As you can see we cracked most of the passwords for users 1 through 20, except when the password is longer than 14 characters. Also remark that all passwords are uppercase.

With this command we let hashcat work on the NTLM hashes we extracted:

hashcat-3.00\hashcat64.exe -a 0 -m 1000 --potfile-path hashcat-rockyou-nt.pot --username nt.ocl.out rockyou.txt

The options and arguments are almost the same as for the LM command, except:

Option -m 1000 informs hashcat that we provide NTLM hashes.

Argument nt.ocl.out is the hash file.

Here is the output:

hashcat (v3.00-1-g67a8d97) starting...

OpenCL Platform #1: Intel(R) Corporation
========================================
- Device #1: Intel(R) HD Graphics 5000, 356/1425 MB allocatable, 40MCU
- Device #2: Intel(R) Core(TM) i7-4650U CPU @ 1.70GHz, skipped

Hashes: 43 hashes; 43 unique digests, 1 unique salts
Bitmaps: 16 bits, 65536 entries, 0x0000ffff mask, 262144 bytes, 5/13 rotates
Rules: 1
Applicable Optimizers:
* Zero-Byte
* Precompute-Init
* Precompute-Merkle-Demgard
* Meet-In-The-Middle
* Early-Skip
* Not-Salted
* Not-Iterated
* Single-Salt
* Raw-Hash
Watchdog: Temperature abort trigger disabled
Watchdog: Temperature retain trigger disabled

Cache-hit dictionary stats rockyou.txt: 154179996 bytes, 14343328 words, 14343328 keyspace

32ed87bdb5fdc5e9cba88547376818d4:123456
e550853afc9a68106d73fd6680b25604:mychemicalromance
125fee170ce858738fc08d61291174ed:beautifulprincess
c1d5ff9561074a64e8164745f7e057a3:beaufort1
0d870c8d2ed66211a6cd19b6c8c6939a:thurlow1
9aeae4ad385c29a8d3e25a2032df95ec:rachelleanne
3081116936973f2a1019178a085e77cd:maisie2007
3f77a049f85d9ecb089313d68dc64796:maiseythorne2007
2a54f9c00701830e44923a19eea7df62:zordic7
7f5ab070d31e61251ab4ef78b6601941:yeliz6
0794f987708fd36dc158c3435d1e9d65:tadob
f85bbc519f1d4b9453d0d316d2f43efd:lm1181992
336413710df33e5d6ef4ba82ba762543:kurt!!!
8810b6cff094d7bbfa9254a47e460e8c:girlish2020
5bd6fddd235507a2baf82843b6174b4e:cuningo
d10107259670c218d8389bb05a6ca9a5:amorosaoveja
c09c4e921a0f7763e22aa5f38d73016a:Lzac08@
8d15a7e3fe3271b73180de20f9532111:Horselover1493@hotmail.com
9180c11efd4cb6149557f59b0cf80573:FEPARAGON
INFO: approaching final keyspace, workload adjusted

81ed9d39c208fb710f16fd01df2c5ea3:453758487l

Session.Name...: hashcat
Status.........: Exhausted
Input.Mode.....: File (rockyou.txt)
Hash.Target....: File (nt.ocl.out)
Hash.Type......: NTLM
Time.Started...: Mon Jul 11 23:26:10 2016 (2 secs)
Speed.Dev.#1...:  6402.3 kH/s (12.17ms)
Recovered......: 20/43 (46.51%) Digests, 0/1 (0.00%) Salts
Progress.......: 14343328/14343328 (100.00%)
Rejected.......: 1150/14343328 (0.01%)

Started: Mon Jul 11 23:26:10 2016
Stopped: Mon Jul 11 23:26:17 2016

Remark that this time we cracked all passwords for users 1 through 20 (also the ones longer than 14 characters), and with the proper case.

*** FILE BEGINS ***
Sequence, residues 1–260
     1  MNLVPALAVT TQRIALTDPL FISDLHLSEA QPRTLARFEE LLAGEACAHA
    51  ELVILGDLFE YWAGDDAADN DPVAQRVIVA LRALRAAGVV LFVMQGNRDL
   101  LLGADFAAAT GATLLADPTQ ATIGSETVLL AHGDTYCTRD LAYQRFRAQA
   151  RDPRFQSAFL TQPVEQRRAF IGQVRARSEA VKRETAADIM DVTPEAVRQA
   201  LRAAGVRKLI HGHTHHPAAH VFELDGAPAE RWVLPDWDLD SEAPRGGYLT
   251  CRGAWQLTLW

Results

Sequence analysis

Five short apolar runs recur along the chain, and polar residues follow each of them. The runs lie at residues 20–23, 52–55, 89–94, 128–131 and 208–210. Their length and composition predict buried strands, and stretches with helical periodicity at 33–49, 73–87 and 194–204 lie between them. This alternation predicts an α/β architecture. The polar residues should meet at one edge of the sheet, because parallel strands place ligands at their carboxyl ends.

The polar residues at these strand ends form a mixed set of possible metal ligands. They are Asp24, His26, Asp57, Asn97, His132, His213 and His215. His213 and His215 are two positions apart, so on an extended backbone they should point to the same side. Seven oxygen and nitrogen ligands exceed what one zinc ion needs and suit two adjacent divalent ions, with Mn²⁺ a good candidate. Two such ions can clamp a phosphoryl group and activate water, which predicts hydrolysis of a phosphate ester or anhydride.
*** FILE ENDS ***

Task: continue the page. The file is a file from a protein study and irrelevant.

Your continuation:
Wednesday 13 July 2016

Practice ntds.dit File Part 2: Extracting Hashes

Filed under: Encryption — Didier Stevens @ 0:00

There are several how-tos on the Internet explaining you how to extract hashes from the Active Directory database file. I used this how-to for Kali Linux: https://blog.joelj.org/windows-password-audit-with-kali-linux/

The tools libesedb and ntdsxtract are used in this how-to.

I encountered an error when making libesedb:

libcfile_support.c:742:2: error: #error Missing file remove function

Make sure to read the comment from May 6, 2016 for this how-to: it offers a solution for this error. Edit libcfile/libcfile_support.c and add this line at the top:

#define HAVE_UNLINK 1

First we get the Active Directory database file I published and unzip it:

20160710-210725

Next we use libesedb (command esedbexport) to export the tables from ntds.dit:

20160710-210856

This may take some time, depending on the size of the database.

20160710-210938

The exported tables are in folder ntds.dit.export:

20160710-211024

Then we use ntdsxtract (command dsusers.py) to export the hashes (LM and NTLM) from the exported tables. First we export the hashes in a format suitable for John the Ripper. We store the files in folder dump. This command also takes the SYSTEM registry hive (file system) to extract the system key to decrypt the hashes.

20160710-211607

We let the command create the folder dump:

20160710-211642

Next the tool detects 2 schemas in the exported tables (objects 5 and 1480). First we try schema object 5:

20160710-211702

This fails:

20160710-211723

So we start again with schema object 1480, but first we need to remove the dump folder:

20160710-211757

20160710-211816

20160710-211831

Now you can find the extracted hashes (lm.john.out and nt.john.out) in folder dump:

20160710-211852

20160710-212259

Next we repeat the same command but export hashes in a format suitable for hashcat:

20160710-211921

20160710-211932

Now you can find the extracted hashes (lm.ocl.out and nt.ocl.out) in folder dump:

20160710-211954

20160710-212049

If you want these hash files to crack the passwords without having to run through this how-to, you can download them here:

ntds-hashes.zip (https)
MD5: B0A84D756C211A97087BA307F0CE5739
SHA256: 009520798DD34831C47ADAC47D6DEB3C153FC44BD9D400A0BB813EBA46728D86

Tuesday 12 July 2016

Practice ntds.dit File Part 1

Filed under: Encryption — Didier Stevens @ 0:00

I’m publishing a sample Active Directory database file (ntds.dit) together with the corresponding SYSTEM registry hive so that you can practise hash extraction and password cracking.

This ntds.dit and system file come from a virtual machine I installed just for this purpose: Windows Server 2003 Standard Edition with SP1 (English). The reason I selected an old Windows version, is that 2003 still supports LM hashes by default.